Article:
Thursday, October 8, 2009

Urbanization in Sudan.... reflections from Burkina Faso

I've just finished reading a nice article by Ernest Harsch, in African Affairs, 2009, Vol 108, "Urban Protest in Burkina Faso."  Since the press liberalized over the latter part of the 1990s, it became possible for someone to do a count of all the urban protest events in the major Burkinabe cities and towns.  Obviously there are some biases in the reporting and publication, but it is a really useful exercise, and I am glad someone has done it.  What do we learn from the exercise?  Something that is common sense, but important to raise in tems of salience, and espcially relevant for Sudan.  Urbanization is proceeding quickly in Burkina, Sudan, and other African countries.  The skills of managing large urban centers are very different from those of managing rural hinterlands.  Indirect rule through tribal chiefs just isn't possible, and instead a political leader has to manage an enormous bureaucracy, a bureacracy prone to commiting many acts of commision (bulldozing a residential area for "improvement") and omission (letting a marketplace become a chaotic fire hazard). 

The political leader becomes responsible for all of these flashpoints that generate urban protest movements that have the capacity to snowball.  Burkina's experience offers a good lesson for dictators like al-Bashir.... get on the decentralization bandwagon quickly and effectively.  What Harsch seems to suggest is that a lot of the urban protests are local- they are directed indeed at the local municipal officials.  The national government then gets to play the role of mediator/fixer, which adds to its legitimacy.  That's a good place to be for a regime with little legitimacy.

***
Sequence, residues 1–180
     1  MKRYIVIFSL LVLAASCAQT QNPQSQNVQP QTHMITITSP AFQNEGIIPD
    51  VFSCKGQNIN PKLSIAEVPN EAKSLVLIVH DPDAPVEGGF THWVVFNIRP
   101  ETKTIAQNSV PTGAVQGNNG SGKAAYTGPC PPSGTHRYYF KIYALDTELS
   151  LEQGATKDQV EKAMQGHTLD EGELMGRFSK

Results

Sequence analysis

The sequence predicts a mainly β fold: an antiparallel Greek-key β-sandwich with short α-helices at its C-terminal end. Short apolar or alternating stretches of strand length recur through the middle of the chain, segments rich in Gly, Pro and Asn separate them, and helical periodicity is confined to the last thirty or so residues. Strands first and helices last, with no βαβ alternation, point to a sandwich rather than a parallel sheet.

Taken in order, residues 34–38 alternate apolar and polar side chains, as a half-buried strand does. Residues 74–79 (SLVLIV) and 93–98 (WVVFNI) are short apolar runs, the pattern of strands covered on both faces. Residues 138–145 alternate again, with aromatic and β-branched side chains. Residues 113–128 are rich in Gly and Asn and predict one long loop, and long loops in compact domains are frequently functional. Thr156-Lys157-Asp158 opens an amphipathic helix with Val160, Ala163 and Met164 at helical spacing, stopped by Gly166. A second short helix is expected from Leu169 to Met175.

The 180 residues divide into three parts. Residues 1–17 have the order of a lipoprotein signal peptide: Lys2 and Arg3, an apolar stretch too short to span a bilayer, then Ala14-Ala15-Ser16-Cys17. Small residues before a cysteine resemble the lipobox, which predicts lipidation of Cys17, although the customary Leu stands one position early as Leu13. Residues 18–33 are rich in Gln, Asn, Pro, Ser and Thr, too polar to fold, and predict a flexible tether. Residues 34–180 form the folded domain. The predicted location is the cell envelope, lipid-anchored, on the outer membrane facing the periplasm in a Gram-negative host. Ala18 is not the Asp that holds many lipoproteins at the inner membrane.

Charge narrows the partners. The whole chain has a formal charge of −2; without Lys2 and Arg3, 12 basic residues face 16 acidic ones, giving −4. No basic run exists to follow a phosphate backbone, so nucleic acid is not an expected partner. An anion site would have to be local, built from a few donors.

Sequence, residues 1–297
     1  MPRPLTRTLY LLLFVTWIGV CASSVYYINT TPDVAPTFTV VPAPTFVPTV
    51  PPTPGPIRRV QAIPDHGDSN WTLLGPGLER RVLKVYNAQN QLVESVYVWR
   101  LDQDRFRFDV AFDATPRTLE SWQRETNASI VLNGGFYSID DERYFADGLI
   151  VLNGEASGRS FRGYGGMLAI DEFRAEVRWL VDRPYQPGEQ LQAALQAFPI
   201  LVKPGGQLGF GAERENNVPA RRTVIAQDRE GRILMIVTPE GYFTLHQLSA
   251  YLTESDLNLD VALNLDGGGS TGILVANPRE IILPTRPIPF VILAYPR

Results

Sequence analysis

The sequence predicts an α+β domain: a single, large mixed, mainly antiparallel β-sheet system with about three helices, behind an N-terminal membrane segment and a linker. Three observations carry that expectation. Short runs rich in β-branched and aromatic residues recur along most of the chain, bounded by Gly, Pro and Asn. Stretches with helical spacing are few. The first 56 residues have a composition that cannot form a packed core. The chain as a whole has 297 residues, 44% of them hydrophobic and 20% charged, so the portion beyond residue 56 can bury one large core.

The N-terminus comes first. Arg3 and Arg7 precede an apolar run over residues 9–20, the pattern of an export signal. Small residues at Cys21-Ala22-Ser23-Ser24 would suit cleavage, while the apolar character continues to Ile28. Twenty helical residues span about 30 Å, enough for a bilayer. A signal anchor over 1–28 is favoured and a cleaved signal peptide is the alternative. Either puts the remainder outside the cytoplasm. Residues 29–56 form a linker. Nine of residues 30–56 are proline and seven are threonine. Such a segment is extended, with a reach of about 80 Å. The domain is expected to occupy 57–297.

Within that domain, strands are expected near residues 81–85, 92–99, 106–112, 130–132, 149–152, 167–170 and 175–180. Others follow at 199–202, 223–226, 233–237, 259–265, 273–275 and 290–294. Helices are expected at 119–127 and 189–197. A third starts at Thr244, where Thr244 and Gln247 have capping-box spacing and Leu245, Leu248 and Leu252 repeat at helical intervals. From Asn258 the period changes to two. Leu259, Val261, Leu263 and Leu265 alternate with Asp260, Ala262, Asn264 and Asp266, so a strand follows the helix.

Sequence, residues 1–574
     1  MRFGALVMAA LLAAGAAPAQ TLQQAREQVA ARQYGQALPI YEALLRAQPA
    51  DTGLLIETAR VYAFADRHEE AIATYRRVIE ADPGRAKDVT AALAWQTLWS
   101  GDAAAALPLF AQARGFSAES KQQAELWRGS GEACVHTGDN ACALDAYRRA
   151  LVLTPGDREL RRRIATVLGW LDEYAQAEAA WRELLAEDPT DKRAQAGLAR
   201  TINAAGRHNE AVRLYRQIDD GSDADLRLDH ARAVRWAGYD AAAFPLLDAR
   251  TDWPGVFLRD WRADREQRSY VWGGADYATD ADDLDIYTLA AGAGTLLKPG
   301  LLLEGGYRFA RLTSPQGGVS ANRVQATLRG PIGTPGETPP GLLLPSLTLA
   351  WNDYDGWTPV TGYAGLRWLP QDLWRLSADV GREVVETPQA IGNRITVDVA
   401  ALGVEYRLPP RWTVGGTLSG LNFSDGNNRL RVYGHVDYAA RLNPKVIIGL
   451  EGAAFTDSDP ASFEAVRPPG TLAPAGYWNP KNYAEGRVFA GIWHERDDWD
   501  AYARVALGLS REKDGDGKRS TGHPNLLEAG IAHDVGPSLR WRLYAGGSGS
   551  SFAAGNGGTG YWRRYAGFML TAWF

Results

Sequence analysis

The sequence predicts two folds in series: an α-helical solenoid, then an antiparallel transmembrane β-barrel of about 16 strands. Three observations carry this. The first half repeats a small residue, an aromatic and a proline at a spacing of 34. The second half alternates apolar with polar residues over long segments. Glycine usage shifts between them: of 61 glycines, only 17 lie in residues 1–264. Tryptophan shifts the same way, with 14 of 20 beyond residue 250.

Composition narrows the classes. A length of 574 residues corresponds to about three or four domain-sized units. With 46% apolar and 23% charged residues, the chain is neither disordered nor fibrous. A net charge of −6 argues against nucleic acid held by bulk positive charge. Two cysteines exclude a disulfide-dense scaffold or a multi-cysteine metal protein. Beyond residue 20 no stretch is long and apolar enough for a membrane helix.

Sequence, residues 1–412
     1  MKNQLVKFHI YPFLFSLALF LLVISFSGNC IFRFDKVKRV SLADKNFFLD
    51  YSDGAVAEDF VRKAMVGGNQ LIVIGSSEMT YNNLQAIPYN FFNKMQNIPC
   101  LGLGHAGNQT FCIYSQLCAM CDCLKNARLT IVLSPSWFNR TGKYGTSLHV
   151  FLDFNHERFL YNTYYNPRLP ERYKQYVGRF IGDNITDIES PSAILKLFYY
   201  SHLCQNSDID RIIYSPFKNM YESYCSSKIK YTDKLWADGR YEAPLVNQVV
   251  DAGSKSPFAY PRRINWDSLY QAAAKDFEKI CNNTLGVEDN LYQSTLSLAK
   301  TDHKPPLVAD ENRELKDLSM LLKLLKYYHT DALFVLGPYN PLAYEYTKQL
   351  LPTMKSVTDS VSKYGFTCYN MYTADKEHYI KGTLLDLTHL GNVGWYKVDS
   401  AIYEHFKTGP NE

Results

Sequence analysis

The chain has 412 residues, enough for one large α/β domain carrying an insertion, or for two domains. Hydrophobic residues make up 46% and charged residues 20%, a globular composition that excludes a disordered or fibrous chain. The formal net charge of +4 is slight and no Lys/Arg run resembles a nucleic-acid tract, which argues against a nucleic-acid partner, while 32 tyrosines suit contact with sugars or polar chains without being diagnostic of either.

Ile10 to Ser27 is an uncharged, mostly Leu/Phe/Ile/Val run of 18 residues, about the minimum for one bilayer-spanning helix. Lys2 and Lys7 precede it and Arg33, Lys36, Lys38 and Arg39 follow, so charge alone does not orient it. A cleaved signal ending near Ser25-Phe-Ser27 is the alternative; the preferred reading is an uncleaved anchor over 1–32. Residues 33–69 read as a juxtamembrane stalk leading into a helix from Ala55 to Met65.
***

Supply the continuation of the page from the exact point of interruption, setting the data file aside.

Why doesn't every dictator do this?  Presumably because the more decentralization, the more a city official might become a threat to the President's clique.  Here's where another paper I've been reading Lindsay Whitfield "‘Change for a Better Ghana’: Party Competition, Institutionalization and Alternation in Ghana’s 2008 Elections", also in African Affairs 2009 "(detecting a pattern here?) comes in... She discusses the successful national election in Ghana in 2008, and attributes the largely peaceful alternance that has greatly strengthened Ghanaian institutional legitimacy as due to an ever-stronger coalescing around a two-party system that cuts across ethnic, regional and class lines. 

So the right thing for a national dictator to do seems to me to replicate as much as possible two-party competition at the city and town level, so that city politicians have to keep their eyes on working for the city, and it becomes harder for them to challenge the president- the distraction of national politics will cause them to lose the next city election.

Side note: Maybe there is more democracy in English-speaking Africa because the word change is so easy to use in English, and bores deep into the brains of English speakers, while in French the word alternance is a plate of soggy frites.... I mean freedom fries....

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